Thanksgiving Week 4: The Readers!

We’ve spent Thanksgiving week giving thanks to the Kids, the Elders, and Life’s Sweet Partners. That covers most ground (sorry friends, coworkers, and facebook people I’m pretending to recall better than I actually do – maybe next year!). Or at least it covers most ground personally.

Professionally, I still owe someone special. My enormous debt of gratitude, and my undying thanks, go to a larger community.

I’ve written about this before (and, um, written about this before), but it bears repeating. I was in a very dark place when I started writing….actually, that’s the wrong way to put it. I’ve always been writing. I’ve had decades of that. What’s different now is sharing my work with strangers. Two short novels, a blog, and a podcast. More on the way.

And I get comments like this one from Wonderful Reader MF, who recently read my piece about watching my son grow and trying to grow along with him:

FANTASTIC piece of writing from Jacke Wilson. Tears in my eyes.

And suddenly I realize that I have a voice, which I can humbly offer to the world in my own small way. That there are people out there listening to it. I’m trying to make an impression on this world, to explain myself through some stories. Have my say. Make a few people laugh. Make a few people cry. Connect with people.

I know, I know. Social media etc. We can all connect now. We may be TOO connected, or at least too connected virtually and not enough in reality, or something. I’m not here to argue with any of that. And I wish we wrote personal letters, and I wish I was better about calling old friends, and I wish I was home for dinner every single night instead of five out of seven (on average). But that’s not the kind of connection I’m talking about, important as those may be.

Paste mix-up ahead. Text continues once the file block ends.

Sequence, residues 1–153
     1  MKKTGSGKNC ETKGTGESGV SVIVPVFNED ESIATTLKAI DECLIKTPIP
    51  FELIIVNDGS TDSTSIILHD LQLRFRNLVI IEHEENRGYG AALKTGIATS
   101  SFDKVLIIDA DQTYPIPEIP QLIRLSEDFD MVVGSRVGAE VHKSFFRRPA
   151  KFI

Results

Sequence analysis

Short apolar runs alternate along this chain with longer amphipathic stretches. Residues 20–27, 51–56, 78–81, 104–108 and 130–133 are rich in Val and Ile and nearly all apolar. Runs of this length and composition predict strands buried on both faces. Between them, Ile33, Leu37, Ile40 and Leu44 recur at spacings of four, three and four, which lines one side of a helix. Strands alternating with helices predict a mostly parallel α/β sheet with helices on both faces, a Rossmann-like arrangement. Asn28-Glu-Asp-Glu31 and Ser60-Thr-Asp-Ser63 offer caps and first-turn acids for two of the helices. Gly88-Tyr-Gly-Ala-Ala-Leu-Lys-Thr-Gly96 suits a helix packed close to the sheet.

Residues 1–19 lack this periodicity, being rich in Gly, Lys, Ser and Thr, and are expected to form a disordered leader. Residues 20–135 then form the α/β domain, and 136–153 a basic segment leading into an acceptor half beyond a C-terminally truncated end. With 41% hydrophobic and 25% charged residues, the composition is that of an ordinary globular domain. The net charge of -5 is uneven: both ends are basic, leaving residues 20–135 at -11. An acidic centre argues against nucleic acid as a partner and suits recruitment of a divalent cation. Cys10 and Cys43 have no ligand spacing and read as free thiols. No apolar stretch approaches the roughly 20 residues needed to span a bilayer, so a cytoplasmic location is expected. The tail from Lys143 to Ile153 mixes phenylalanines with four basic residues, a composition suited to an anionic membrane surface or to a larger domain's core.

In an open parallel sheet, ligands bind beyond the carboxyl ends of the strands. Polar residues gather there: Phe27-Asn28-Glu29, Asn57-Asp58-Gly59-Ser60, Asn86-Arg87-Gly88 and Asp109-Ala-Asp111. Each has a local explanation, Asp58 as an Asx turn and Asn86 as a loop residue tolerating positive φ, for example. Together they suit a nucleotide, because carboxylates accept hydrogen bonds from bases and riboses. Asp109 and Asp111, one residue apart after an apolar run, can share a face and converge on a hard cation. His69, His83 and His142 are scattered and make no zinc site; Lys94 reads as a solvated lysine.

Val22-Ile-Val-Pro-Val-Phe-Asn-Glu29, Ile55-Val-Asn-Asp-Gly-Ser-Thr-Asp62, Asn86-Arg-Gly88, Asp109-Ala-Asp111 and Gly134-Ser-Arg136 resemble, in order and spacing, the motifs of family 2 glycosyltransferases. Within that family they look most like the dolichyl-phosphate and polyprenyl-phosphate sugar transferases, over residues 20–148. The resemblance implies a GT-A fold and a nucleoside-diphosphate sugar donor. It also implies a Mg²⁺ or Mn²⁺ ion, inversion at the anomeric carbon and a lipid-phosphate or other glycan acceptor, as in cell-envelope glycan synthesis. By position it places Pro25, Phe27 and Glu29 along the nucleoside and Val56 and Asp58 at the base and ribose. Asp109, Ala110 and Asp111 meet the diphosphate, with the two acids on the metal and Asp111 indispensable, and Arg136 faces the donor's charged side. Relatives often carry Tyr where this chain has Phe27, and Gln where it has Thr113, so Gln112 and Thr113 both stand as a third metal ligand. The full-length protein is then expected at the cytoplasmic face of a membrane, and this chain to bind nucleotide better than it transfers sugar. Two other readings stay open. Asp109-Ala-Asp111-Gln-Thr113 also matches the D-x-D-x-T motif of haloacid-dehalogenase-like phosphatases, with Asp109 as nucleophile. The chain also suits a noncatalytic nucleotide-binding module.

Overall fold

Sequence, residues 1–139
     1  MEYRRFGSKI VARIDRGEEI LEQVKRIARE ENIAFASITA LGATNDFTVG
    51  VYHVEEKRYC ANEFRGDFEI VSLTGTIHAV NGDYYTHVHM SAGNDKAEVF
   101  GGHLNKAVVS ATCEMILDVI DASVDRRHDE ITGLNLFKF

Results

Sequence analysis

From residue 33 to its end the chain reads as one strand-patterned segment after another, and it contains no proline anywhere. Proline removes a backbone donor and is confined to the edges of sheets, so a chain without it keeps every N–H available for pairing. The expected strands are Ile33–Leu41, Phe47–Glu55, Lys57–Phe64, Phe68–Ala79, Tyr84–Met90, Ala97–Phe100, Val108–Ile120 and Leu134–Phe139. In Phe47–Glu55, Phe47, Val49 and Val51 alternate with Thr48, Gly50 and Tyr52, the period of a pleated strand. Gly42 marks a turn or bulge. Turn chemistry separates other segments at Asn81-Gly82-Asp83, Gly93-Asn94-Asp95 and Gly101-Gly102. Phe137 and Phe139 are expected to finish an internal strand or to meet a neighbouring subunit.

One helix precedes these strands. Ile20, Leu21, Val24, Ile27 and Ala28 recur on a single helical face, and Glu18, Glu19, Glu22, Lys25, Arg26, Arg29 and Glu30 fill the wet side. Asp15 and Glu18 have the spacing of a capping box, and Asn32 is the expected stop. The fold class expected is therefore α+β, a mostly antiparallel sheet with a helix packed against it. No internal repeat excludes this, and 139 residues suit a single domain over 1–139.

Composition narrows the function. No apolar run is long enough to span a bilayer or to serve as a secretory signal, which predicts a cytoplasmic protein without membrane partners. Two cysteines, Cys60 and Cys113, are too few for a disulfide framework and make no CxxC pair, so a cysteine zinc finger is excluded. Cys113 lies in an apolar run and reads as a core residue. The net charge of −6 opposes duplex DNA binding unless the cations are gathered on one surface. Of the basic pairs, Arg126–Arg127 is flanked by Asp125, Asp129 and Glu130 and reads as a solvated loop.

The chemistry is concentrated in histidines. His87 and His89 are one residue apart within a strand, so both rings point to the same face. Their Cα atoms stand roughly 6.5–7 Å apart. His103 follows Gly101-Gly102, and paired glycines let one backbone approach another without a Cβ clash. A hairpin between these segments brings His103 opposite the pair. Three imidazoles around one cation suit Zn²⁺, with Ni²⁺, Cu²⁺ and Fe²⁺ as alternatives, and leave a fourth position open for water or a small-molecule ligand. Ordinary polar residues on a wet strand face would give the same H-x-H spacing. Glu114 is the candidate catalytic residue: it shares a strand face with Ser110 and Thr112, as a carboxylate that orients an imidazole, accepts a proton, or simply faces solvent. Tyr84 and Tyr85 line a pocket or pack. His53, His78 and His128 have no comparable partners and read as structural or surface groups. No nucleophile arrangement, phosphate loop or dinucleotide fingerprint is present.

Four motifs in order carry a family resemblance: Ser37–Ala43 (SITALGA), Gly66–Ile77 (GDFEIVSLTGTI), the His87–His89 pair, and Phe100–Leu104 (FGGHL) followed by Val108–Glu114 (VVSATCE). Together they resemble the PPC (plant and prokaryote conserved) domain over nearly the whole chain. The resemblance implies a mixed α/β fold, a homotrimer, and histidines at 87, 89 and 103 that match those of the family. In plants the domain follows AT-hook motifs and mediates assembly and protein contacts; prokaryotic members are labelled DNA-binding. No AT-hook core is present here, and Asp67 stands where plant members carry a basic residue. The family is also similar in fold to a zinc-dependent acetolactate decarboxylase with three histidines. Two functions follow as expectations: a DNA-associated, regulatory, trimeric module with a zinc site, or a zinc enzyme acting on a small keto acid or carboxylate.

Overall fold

I’m talking about the connection of a storyteller and a listener. The ancient bard. The campfire shaman. The fiction writer for the Saturday Evening Post. The nineteenth-century novelist delivering the latest installment to newspaper readers. The serial cartoonist. The soap opera scriptwriters. The novelist who has one good book in him or her and the novelist who has fifty books pouring out. The miniaturist short story writer. The poet who crosses over into prose. NaNoWriMoers who urge their manuscripts on their friends.

And the Thanksgiving raconteurs who entertain their families with story after story after story about the profound, the humorous, the mundane, the difficult, the glorious – all the triumphs and tragedies that befit a single family at a single table in a single house in an unassuming corner of the world.

These people. People who tell stories. And people who are there to hear them. The first category cannot exist without the second. We forget that: we glorify the storyteller, we write biographies of them and put them in a pantheon of heroes. But the storylistener – well, I had to invent that word, didn’t I? Because they are unsung. And yet, they’re the quiet but essential part of the connection I’m celebrating today.

And for those of us who like nothing better than a good story, and who somehow see the act of being human as being incomplete without being able to communicate something about how we live, what we think, what’s happened to us and what it all means – and who believe that the best way to pull this off is a good story, a narrative where characters come to life and do and say things that give us all a little jolt of recognition, a little burst of reflection… well, I’m tempted to say that those of us who like to tell stories can’t survive without an audience. That might be a little grandiose. Forgive me.